“People obviously need the hands-on radio skills in addition to the information they get on the video. You can’t learn everything you’ll need to know about radio in 90 minutes. Again, the video is meant to be a primer to the radio business.”

Response from outside radio has been better.

“It’s been tremendous,” Hochman stated. “I receive about five to 10 e-mails a week about the video. We’ve sold tapes in the hundreds across the country and to places such as the United Arab Emirates, the Dominican Republic and Bahrain.”

Many users, especially in other countries, don’t have easy access to broadcast schools, he said. The video gives them a tool to make the choice about whether radio is for them.

Hochman has received some success letters from individuals who have purchased the video and have started a career in radio, and says he has received no complaints.

“I have been pleased with the sales of the video, especially since we haven’t done a lot of marketing. We have the Web site where people can order the video, but mainly we have distributors who sell it to schools and retailers.”


How does the tape prepare hopefuls for radio’s consolidated landscape?

“The video really doesn’t prepare people for consolidation,” said Hochman. “Whether it is good or bad, (consolidation) is a reality and people need to realize that. Consolidation doesn’t change the fact that you need talent and to work hard to succeed in radio. You need to continue working on your skills to be good.

“There are fewer options out there if you’re not as good as the rest. I think consolidation has raised the talent level of the industry … the cream rises to the top. If you’re really good, you could rise through the ranks.”

After viewing “Broadcast School in a Box”, I can see its value to radio hopefuls. It provides an inside look at radio from the point of view of on-air personalities and program directors, as well as Hochman himself. I now show it to my students in my radio classes to give them a look at the industry they are seeking to enter.

The video features tales of the industry from people working in the industry and each gives his or her advice on what it takes to be successful in this business. Tips from program directors regarding job-seeking are helpful.

There is a section of the tape on compilation of an audition tape and a scoped five-minute air check as an example. The audition tape can be difficult for students to grasp. This portion of the video makes the process of making a tape easy to understand.

The only section of the video at which I scoffed was the vocal instruction. Yes, proper vocal techniques are important, but I am skeptical that someone could be instructed on this topic in five minutes through a video.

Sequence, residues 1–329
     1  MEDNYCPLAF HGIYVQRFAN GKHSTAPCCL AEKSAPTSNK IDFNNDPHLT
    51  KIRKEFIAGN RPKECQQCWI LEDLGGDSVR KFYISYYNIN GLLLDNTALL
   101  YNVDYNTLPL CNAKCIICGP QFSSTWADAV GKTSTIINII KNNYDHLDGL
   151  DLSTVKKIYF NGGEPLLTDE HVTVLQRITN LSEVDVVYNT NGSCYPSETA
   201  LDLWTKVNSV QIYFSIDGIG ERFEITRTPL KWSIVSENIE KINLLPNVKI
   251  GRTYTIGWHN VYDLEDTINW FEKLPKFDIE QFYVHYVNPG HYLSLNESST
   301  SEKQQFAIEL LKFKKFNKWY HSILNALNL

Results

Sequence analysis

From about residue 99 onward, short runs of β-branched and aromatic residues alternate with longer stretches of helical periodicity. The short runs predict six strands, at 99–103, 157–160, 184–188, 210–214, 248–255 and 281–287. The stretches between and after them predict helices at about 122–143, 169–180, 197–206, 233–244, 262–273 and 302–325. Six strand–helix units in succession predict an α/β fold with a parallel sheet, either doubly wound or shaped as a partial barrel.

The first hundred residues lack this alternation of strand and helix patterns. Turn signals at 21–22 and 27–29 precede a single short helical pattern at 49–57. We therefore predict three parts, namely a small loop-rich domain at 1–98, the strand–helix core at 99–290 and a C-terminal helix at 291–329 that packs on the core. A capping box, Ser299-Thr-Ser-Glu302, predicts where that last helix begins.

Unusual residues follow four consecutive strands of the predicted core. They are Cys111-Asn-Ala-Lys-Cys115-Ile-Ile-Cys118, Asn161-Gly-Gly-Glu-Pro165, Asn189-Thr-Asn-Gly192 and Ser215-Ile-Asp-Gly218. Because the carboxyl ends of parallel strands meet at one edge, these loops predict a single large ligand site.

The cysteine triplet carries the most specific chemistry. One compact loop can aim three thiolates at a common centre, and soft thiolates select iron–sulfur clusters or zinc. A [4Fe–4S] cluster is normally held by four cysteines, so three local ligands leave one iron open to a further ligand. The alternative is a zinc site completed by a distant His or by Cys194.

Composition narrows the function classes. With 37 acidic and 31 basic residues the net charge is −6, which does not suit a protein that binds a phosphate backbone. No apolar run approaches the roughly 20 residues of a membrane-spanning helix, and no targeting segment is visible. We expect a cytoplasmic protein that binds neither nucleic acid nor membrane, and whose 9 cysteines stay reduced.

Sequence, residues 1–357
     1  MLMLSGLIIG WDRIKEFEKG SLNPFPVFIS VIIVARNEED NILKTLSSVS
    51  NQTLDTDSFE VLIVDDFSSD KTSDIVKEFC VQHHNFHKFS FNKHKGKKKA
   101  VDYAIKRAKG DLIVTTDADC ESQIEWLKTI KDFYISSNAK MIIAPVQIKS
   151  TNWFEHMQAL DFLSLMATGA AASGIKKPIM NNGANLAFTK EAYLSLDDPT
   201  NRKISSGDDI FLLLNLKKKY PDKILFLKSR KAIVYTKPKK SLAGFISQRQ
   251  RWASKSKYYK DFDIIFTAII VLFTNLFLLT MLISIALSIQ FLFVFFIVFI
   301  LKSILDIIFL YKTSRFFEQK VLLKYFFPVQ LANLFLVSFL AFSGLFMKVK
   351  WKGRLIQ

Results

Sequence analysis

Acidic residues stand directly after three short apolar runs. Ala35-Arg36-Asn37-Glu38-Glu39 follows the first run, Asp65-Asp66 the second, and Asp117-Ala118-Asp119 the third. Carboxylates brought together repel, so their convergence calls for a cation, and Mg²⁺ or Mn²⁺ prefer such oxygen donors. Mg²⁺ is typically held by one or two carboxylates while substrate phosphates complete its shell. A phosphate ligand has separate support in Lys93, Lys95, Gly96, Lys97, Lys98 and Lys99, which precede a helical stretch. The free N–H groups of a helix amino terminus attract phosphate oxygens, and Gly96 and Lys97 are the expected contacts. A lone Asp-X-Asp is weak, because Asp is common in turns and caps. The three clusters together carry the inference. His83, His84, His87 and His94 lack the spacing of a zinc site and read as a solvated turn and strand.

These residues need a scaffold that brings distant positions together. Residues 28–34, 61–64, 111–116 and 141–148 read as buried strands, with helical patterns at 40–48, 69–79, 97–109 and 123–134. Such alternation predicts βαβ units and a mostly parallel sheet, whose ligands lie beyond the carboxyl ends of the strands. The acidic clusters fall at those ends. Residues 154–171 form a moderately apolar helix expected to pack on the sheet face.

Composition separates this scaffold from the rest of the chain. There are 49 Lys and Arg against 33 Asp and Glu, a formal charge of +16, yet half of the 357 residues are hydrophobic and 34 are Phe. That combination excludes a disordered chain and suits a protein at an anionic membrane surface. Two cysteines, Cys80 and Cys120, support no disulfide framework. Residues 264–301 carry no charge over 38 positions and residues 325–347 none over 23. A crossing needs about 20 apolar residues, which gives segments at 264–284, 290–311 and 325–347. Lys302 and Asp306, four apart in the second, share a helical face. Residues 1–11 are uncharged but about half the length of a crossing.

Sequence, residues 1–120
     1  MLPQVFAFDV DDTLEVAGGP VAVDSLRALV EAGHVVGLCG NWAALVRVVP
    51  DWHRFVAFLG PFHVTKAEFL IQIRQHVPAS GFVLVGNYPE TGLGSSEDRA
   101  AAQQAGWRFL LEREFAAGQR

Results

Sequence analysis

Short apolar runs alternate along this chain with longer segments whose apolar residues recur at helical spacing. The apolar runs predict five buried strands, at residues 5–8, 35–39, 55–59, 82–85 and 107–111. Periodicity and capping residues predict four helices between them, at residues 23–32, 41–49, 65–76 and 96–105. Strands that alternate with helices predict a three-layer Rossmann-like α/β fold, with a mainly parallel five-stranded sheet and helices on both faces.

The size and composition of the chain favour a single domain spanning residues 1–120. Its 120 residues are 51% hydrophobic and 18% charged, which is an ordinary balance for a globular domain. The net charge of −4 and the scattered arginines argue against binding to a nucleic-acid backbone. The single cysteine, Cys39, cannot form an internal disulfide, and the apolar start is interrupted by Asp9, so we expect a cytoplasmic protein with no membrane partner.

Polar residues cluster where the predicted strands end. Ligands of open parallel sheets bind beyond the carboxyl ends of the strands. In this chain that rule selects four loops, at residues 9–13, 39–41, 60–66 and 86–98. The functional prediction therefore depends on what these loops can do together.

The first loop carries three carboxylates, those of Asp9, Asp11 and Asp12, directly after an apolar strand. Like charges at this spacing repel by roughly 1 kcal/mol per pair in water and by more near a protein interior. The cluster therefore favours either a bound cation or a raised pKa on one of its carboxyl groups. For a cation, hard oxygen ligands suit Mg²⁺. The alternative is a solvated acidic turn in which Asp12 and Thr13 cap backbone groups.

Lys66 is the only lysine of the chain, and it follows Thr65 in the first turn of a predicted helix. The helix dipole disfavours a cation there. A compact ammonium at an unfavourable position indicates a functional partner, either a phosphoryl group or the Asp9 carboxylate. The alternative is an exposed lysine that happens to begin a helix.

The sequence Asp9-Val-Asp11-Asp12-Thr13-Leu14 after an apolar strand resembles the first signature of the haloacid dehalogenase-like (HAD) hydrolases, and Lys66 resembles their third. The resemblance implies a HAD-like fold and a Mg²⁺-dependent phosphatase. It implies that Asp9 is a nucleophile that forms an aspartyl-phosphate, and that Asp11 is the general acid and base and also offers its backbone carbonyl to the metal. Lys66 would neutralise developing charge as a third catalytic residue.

Hochman described “Broadcast School in a Box” as a primer, and I agree. However, it’s no replacement for practical, hands-on experience – the best teacher for radio hopefuls.


Hochman has teamed with Radio Connection in an effort to provide that hands-on experience.

Jimi Petulla, president of Radio Connection, describes his service as a direct connection between people looking to break into the radio business and radio stations looking to hire new talent.

“We select and hire successful radio program directors to be both counselor and mentor to our students, providing guidance throughout our training course. The director also monitors all scheduled training sessions at the station. Because students are actually assisting radio staff and learning in a hands-on situation, they are becoming that ‘known quantity with experience’ who are in the ideal position to go on-the-air at their station.”

Petulla agrees with Hochman about the failure of colleges and broadcasting schools to train future radio professionals adequately.

“Colleges and broadcasting trade schools provide an education, not experience. There is no way for these schools to re-create the dynamics of the real commercial radio station.

“Our trainees learn the real world of broadcasting by working with professionals who announce to thousands of listeners everyday. Therefore they not only receive training, but also develop a background of proven job experience as well as industry references. The combination of all three look great on a résumé.”

Now that “Broadcast School in a Box” is partnering with an organization through which actual on-air experience can be obtained, it remains to be seen if the primer will become the actual broadcast school he envisions.

“Broadcast School in a Box” is available on video and CD-ROM. You can get a free copy by calling the number listed below.

For information visitwww.broadcastschool.comor call (800) 295-4433. Information also is available